29 Mar 2007


Five years since its inception, Inspectors confirm that Wales’s unique PESS initiative continues to raise standards and improve opportunities for young people to engage in physical education and school sport.

Estyn - Her Majesty’s Inspectorate for Education and Training - has today released its 2006-2007 report on the impact made by the PE and School Sport Initiative (PESS) - the brainchild of the Welsh Assembly Government, managed by the Sports Council for Wales.

The report lauds the scheme as being "one of the most successful education initiatives introduced by the Welsh Assembly Government" and that the "initiative has had a significant impact on improving opportunities, experiences and standards in physical education across the country."

Good progress is also being made on achieving the key recommendations as laid down in the original PESS action plan set down in 2001, and the scheme is reaping the plaudits of Headteachers and teachers of the primary and secondary schools already immersed in its offerings.

Philip Carling, Chair of the Sports Council for Wales today welcomed the report:

"The PESS programme is obviously progressing well and I’m delighted with the findings of the report.

"By creating these opportunities through the PESS scheme, we are rising to that challenge together by helping to create the environment necessary for children to take part in a variety of sports and physical activities on a regular basis – helping to bring us closer to the target of seeing 90% of children taking part in 60 minutes of moderate intensity physical activity on at least five days of the week by 2025."

Since its launch in 2002, Estyn’s findings have continued to show that the initiative is having a significant impact - not only on standards of PESS 3teaching and performance - but also on pupils’ behaviour, learning skills and attitudes.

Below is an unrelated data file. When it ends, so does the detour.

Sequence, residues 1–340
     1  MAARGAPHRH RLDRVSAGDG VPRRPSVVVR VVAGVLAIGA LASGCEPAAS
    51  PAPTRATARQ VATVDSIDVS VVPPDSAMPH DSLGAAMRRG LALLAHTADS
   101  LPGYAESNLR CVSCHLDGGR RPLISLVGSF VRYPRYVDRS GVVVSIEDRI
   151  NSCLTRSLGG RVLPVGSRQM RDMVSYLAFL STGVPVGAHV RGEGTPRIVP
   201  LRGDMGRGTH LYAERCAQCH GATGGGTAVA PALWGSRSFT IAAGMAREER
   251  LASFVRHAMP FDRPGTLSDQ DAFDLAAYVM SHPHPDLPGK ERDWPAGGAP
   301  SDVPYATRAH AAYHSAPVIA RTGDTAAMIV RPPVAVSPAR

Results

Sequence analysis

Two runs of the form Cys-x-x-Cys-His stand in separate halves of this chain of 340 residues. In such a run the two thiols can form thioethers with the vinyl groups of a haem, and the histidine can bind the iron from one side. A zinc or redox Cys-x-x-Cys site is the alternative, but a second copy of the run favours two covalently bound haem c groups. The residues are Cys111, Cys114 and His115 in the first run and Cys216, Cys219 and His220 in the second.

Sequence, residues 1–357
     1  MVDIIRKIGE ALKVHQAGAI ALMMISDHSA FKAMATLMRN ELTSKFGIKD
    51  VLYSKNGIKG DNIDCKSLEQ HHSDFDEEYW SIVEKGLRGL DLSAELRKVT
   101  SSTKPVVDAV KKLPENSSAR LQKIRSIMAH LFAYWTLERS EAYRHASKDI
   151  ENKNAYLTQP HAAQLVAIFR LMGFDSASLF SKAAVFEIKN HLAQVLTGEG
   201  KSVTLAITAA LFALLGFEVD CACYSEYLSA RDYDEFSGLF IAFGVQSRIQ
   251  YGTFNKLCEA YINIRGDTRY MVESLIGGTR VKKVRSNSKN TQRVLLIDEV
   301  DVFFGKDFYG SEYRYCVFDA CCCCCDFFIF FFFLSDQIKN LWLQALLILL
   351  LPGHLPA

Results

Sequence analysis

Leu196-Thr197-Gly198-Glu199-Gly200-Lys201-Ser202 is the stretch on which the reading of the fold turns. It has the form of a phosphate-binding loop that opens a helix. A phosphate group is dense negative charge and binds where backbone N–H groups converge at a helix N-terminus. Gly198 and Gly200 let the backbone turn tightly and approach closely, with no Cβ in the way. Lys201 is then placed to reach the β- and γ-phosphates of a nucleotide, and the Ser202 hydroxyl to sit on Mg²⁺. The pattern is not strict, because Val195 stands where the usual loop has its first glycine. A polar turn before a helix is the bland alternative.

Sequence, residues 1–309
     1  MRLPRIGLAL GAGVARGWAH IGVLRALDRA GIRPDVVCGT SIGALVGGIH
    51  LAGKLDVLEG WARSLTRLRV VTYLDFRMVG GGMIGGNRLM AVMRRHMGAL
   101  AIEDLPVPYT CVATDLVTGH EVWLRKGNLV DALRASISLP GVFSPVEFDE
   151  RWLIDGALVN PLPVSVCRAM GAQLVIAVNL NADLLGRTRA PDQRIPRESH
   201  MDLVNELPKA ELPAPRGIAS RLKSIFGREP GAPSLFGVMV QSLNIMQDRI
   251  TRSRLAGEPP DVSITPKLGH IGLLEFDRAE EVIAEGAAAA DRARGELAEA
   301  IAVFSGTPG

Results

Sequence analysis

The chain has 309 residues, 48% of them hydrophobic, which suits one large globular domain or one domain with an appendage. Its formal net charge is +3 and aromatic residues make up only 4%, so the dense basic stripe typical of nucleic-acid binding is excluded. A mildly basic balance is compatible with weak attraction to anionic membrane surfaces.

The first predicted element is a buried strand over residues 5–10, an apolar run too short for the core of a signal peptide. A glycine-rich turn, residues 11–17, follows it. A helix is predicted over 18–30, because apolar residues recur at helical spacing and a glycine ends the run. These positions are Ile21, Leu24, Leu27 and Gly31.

The latest report commends the durable and long-lasting potential offered by PESS, revealing that the scheme "has proved to be more successful and sustainable than initiatives in which specialist visit schools of offer one-off experiences". It also found that the scheme has been "particularly effective" in helping PE teachers and primary subject coordinators to "take a lead in addressing Whole-school issues such as the planning for pupils’ transition from primary to secondary school and the development of key skills".

The report is also quick to highlight that – through the resources supplied through the PESS website and the transferable knowledge gained by the PE teachers – pupils now "know about the physical, social and mental benefits of physical activity and can explain the importance and benefits of exercise to a healthy lifestyle."

Other main findings include:

  • The management of the initiative by the Sports Council for Wales is increasingly efficient and effective.
  • Increased physical activity opportunities for pupils and standards in its delivery have been raised significantly
  • Headteachers acknowledge the important contribution of physical education to the academic, social and healthy development of pupils and support the initiative by allowing staff to access training.

To date, over £7m of Assembly Government funding has been invested into the initiative and nearly 10,000 teacher training opportunities have been provided through the PESS project

PESS was launched with an initial 18 Development Centres – a cluster of at least four partners, including a minimum three schools and post-16 education providers or leisure centres. There are now 72 Development Centres across the length and breadth of Wales and the Sports Council for Wales now envisages that all schools will be involved in PESS Partnerships by September 2009. In addition, every local authority has an appointed PE and School Sport Co-ordinator.

Most development centre primary schools allocate the Welsh Assembly Government’s recommended two hours each week to physical education. However, improving standards is not simply a question of allocating more time to any subject, but must also involve improving the quality of the experience. The PESS initiative has succeeded in making the two hours worthwhile for pupils by offering more and better quality opportunities and by improving the quality of teaching.

The report concluded that:

  • The initiative has helped physical education play an even more important role in developing and improving pupils’ moral, cultural and educational skills.
  • The scheme has had a significant impact on improving opportunities, experiences and standards in physical education across the country.

Estyn have a number of recommendations to make about how the scheme could be improved, including: PESS schools should include PESS in their school improvement plans and identify sources of future funding to ensure sustainability; support primary PE teachers to help develop their expertise in PE delivery.


  • Estyn carried out its analysis following meeting and discussions with:
  • PESS coordinators from 14 local authorities
  • Local managers of five PESS centres
  • Specialist PE lecturers from four initial teacher training institutions
  • Advisers with responsibility for PE in nine local authorities
  • Officers from the Sports Council for Wales
  • PESS Advisers